Specific background materials for articles thought to be contentious or land decisions were provided. There preparations paved the way for informed discussion and each individual who took to the mic to discuss an article advanced understanding of the article and made for more informed voting on the article.
In a world in which respectful, reasoned arbitration of the full community's needs is under duress it was a privilege to attend this meeting.

A local property issue brought me to attend my first Zoning Board meeting, the March 20 meeting of the Laconia Zoning Board.

The process and outcomes of these two public meetings were polar opposites. Preparation played a role.
At the latter the applicant is seeking a multi-tiered variance in property use. A circumstance an attorney for one of the abutters repeatedly reminded the board places a high burden of proof for why relief from present restrictions on land use should be granted.

As the discussion proceeded a full score of significant land use issues — with immediate and very long-term implications — were brought before the board (issues in traffic safety; occupancy; privacy; fire safety; pollutions — noise, light, sewage; wetlands degradation; wildlife management). The applicant was unprepared to provide specific information on any of these issues; so much so that the chairperson stated the board could not offer a "blank check of permissions" for the items under appeal.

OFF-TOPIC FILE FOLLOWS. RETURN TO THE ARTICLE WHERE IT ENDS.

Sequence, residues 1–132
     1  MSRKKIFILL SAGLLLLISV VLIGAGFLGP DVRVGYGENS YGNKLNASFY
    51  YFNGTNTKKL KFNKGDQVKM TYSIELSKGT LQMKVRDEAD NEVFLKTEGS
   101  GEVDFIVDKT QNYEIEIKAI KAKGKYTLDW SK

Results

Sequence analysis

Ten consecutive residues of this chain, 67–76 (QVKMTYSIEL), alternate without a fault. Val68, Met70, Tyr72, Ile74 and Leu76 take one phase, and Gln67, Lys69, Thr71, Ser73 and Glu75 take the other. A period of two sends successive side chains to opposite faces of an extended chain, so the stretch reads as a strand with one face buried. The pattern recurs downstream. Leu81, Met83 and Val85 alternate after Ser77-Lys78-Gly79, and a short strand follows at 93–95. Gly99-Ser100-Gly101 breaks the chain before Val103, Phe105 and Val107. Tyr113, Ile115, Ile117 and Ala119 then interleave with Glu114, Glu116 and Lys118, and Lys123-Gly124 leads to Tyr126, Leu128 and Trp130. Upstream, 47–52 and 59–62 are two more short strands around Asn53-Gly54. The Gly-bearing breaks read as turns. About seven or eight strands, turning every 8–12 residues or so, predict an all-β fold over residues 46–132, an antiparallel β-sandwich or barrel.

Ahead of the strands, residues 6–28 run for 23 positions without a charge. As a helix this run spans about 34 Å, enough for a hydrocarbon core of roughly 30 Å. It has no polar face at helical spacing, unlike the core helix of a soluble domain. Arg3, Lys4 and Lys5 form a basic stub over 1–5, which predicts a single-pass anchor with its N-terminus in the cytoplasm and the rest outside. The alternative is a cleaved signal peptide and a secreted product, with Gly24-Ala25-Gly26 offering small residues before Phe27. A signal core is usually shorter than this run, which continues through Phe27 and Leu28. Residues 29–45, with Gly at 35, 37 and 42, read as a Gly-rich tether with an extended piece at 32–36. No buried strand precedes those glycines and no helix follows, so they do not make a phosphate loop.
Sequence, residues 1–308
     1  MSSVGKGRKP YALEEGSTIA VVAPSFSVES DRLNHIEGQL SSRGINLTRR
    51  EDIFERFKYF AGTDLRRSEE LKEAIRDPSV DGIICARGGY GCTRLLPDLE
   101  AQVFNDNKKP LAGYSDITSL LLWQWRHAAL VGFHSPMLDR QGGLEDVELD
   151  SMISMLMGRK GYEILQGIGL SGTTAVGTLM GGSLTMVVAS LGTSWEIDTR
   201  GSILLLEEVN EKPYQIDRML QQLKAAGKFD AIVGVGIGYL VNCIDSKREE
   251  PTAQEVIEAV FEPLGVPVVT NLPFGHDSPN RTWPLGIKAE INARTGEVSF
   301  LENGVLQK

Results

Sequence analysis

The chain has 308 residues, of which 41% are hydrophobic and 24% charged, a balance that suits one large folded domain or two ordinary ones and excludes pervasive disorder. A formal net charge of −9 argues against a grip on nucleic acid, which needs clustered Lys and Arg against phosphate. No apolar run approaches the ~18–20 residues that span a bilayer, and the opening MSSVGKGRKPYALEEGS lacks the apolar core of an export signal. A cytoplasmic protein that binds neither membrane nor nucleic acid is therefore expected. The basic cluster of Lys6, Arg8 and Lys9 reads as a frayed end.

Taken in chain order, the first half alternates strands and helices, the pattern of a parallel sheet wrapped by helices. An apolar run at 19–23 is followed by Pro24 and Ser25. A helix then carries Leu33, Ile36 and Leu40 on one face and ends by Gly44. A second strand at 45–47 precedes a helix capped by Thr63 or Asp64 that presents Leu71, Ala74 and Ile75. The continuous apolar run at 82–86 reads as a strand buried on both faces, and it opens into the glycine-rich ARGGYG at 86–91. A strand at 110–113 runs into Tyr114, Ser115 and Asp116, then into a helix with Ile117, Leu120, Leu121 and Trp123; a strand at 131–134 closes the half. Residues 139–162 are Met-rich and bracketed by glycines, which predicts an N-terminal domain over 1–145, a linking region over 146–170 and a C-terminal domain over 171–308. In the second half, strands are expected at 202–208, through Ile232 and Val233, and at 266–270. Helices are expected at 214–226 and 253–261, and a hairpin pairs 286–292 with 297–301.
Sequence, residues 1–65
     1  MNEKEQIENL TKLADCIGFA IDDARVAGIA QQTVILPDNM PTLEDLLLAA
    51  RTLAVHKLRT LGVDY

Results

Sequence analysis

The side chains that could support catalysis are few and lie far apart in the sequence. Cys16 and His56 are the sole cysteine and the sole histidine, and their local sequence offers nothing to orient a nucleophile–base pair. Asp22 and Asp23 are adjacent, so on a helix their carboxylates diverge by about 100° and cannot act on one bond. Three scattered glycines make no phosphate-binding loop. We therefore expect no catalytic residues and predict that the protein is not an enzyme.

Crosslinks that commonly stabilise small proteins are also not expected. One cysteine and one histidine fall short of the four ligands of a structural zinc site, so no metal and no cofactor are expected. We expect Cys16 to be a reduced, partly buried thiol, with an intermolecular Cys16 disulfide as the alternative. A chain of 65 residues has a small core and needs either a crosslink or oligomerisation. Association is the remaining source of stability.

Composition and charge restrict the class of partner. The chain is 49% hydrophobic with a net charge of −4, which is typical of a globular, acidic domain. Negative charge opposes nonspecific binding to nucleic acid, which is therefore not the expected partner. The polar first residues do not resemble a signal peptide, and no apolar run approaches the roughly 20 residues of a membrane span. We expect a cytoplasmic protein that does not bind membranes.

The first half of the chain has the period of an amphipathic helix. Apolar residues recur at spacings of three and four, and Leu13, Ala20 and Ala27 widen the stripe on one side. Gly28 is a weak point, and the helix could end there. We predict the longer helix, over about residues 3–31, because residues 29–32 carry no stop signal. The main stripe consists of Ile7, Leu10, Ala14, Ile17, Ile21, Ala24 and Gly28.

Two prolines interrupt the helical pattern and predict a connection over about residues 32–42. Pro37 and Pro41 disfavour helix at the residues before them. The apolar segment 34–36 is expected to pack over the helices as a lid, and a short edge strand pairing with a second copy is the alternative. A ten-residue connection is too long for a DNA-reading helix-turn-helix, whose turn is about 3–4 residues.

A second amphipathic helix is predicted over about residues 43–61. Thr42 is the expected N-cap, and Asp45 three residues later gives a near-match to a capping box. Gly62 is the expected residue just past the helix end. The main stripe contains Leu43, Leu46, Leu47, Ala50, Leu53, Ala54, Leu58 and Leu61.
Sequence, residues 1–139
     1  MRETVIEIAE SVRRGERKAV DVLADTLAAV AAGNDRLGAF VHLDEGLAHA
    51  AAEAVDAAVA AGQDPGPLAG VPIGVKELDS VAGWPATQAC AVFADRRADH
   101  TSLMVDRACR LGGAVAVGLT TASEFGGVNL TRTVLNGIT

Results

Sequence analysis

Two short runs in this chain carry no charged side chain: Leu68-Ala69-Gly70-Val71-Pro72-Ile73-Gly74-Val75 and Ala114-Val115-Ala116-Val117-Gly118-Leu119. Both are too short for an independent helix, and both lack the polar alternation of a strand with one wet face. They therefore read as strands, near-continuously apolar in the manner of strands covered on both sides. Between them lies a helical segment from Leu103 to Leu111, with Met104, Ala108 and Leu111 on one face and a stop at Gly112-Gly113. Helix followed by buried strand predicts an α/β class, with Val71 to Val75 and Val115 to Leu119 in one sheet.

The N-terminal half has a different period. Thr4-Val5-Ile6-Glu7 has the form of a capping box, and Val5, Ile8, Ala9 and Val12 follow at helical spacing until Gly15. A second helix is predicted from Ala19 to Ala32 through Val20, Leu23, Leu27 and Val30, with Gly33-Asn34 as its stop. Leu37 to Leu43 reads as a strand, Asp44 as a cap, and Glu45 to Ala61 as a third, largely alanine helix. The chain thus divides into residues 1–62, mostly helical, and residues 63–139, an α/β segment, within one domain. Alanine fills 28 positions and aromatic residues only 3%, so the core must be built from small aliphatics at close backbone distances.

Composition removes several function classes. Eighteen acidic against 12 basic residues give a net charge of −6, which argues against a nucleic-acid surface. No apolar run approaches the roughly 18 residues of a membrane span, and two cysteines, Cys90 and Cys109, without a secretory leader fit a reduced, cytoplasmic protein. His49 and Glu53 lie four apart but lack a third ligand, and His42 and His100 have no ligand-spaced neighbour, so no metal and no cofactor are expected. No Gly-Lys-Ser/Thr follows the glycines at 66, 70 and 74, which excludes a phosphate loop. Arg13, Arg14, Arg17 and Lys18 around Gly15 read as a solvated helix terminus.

Preparation is not solely the burden of the applicant. The board could be of more help here. At the close of this first hearing the board chairperson directly addressed the applicant.

The emphasis of this exchange seemed to be to inform that applicant that having to resubmit would not cause the application to suffer any manner of prolonged postponement. If the application could resubmitted for next month's meeting it may be possible to be considered then.

Having the benefit of all who represented views on the proposed land use changes and the degree to which vital information was absent from the project's representation this seems a poor use of this opportunity to improve knowledge. it is well within the chairperson's purview to advise the applicant that the involvement of profession expertise is highly recommended in redressing complex application deficiencies; for instance, a resubmitted plan will have to show consideration for the turning radius of 40-foot-long fifth-wheel trailers and show that entrance access and building set backs will provide sufficient space to clear vehicles from the road. Without making the case that detailed, code compliant, neighborhood specific information must be the essence of a resubmitted plan the doorway is left open for an applicant to commit multiple thousands of dollars on a second effort that remains inadequate to its intent. At this juncture there is increase pressure on all parties to make decisions that may not reflect careful stewardship of our common resources.

Paul Del Frari
Meredith